By John Salak –
The belly is fast becoming the place to be for the health conscious. Not, of course, the flabby bit that hangs over a person’s waistline. But rather the gut microbiomes that hold countless microbiota such as bacteria, archaea, fungi, protists and viruses.
Admittedly, it’s a good place to focus on because if all these microbes aren’t working in balance, chances you’re in for trouble, possible serious trouble that could have an immediate as well as long-term health impact. Just ask the more 70 million people in the U.S. who suffer from digestive diseases about ignoring gut health.
Medical researchers and professionals, not surprisingly, are increasingly focused on discovering the range of related problems and how to build a healthier gut. A study that was just presented at the European Society of Cardiology, in fact, found that higher levels of eleven bacteria found in the gut microbiome were connected to at least 28 health and disease outcomes. These included chronic obstructive pulmonary disease; atopy—a genetic tendency to develop allergic diseases like asthma and eczema: frequency of alcohol intake; high blood pressure; high blood lipids: and varying levels of Body Mass Index.
“Our study indicates that microbiota might have an important role in maintaining health and could help us develop novel treatments,” reported the study’s author, Dr. Hilde Groot of University Medical Centre Groningen, the Netherlands.
So, what’s the answer to promoting good gut health? A healthy diet is a great place to start, which among other things, involves eating a diverse range of foods that includes lots of vegetables, fruits, legumes and beans. Remember to include fermented foods like yogurt, kimchi, kefir, along with prebiotics foods that growth beneficial gut microbes and try to avoid foods with too many artificial sweeteners.
A healthy gut may also mean reaching for the nuts, especially walnuts. Research out of Penn State maintains that a few mouthfuls of walnuts each day increases certain gut bacteria that could lessen the risk of heart disease.
“There’s a lot of work being done on gut health and how it affects overall health,” reported Penny Kris-Etherton, distinguished professor of nutrition at Penn State. “So, in addition to looking at factors like lipids and lipoproteins, we wanted to look at gut health. We also wanted to see if changes in gut health with walnut consumption were related to improvements in risk factors for heart disease.”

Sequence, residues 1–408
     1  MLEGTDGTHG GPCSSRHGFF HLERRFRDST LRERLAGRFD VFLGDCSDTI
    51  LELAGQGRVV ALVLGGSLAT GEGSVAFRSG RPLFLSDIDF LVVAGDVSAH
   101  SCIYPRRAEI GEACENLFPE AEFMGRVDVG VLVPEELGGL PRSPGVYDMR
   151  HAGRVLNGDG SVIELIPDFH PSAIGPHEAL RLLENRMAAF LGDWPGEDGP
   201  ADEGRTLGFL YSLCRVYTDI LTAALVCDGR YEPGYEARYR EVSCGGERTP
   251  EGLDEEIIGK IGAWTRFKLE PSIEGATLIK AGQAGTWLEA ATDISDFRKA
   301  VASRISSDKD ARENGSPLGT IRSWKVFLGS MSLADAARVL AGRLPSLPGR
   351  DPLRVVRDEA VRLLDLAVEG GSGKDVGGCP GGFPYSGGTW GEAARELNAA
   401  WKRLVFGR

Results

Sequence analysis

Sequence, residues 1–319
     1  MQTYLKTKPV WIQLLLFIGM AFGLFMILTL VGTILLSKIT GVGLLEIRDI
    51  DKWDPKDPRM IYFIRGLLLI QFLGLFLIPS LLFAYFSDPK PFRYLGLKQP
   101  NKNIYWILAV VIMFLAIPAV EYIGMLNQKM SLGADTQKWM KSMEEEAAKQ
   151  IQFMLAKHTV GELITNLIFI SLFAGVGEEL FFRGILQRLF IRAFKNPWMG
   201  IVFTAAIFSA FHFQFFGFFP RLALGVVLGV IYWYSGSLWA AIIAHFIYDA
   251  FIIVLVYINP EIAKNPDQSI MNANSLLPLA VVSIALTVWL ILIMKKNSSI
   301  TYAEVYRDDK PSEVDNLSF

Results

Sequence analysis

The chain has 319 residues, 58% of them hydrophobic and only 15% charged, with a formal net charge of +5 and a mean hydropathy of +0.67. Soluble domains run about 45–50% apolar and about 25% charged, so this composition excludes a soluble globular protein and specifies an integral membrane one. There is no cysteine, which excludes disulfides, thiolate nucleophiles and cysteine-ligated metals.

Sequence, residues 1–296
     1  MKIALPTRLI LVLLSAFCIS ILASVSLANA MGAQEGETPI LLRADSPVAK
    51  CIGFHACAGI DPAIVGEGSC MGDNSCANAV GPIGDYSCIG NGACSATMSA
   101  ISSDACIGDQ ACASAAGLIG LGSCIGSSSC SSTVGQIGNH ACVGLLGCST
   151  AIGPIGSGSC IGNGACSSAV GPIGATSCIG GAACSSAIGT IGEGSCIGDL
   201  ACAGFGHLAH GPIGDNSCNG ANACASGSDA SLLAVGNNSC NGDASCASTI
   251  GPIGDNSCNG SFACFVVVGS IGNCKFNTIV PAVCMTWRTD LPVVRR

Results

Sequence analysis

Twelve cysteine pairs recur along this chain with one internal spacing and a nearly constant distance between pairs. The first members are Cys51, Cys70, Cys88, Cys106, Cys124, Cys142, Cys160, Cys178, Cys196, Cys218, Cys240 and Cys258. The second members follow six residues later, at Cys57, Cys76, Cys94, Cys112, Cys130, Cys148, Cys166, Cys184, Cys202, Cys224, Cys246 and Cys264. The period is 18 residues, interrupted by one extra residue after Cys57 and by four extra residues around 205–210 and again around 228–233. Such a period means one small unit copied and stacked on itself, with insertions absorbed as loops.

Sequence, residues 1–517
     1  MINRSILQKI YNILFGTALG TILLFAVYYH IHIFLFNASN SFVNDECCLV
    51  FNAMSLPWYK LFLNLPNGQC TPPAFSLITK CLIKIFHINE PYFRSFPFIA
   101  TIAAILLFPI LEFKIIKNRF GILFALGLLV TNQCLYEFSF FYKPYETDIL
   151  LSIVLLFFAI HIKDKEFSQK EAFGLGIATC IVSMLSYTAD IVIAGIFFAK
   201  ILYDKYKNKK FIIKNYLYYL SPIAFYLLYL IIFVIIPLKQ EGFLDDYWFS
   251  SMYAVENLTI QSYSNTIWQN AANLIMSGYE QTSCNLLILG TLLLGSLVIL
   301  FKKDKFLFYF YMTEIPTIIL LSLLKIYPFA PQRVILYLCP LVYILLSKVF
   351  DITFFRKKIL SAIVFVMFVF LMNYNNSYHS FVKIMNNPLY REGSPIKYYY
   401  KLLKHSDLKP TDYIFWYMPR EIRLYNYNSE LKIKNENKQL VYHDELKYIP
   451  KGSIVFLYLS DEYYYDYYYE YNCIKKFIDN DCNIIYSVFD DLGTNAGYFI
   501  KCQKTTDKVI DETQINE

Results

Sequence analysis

Penn State’s study of 42 overweight individuals apparently found munching daily on walnuts yielded significant returns.
“Replacing your usual snack—especially if it’s an unhealthy snack—with walnuts is a small change you can make to improve your diet,” advised Kristina Petersen, assistant research professor at Penn State. “Eating two to three ounces of walnuts a day as part of a healthy diet could be a good way to improve gut health and reduce the risk of heart disease.”
The power of walnuts doesn’t end with gut health, however. These nuts may also slow the cognitive decline of elderly at-risk groups, according to Loma Linda University School of Public Health.
A two-year study of 640 elders found that a daily diet that included walnuts had little positive cognitive effect on those who were relatively healthy, but it had a much greater impact on those who smoked regularly and had lower baseline neuropsychological test scores.
Researchers suspect that the ability of walnuts to offset cognitive decline is due to walnuts containing high levels of omega-3 fatty acids and polyphenols. These are known to counteract oxidative stress and inflammation, which both foster cognitive problems.
“While this was a minor result, it could lead to better outcomes when conducted over longer periods of time,” said Joan Sabaté, MD, DrPH, professor of nutrition and epidemiology at Loma Linda. “Further investigation is definitely warranted based on our findings, especially for disadvantaged populations, who may have the most to gain from incorporating walnuts and other nuts into their diet.”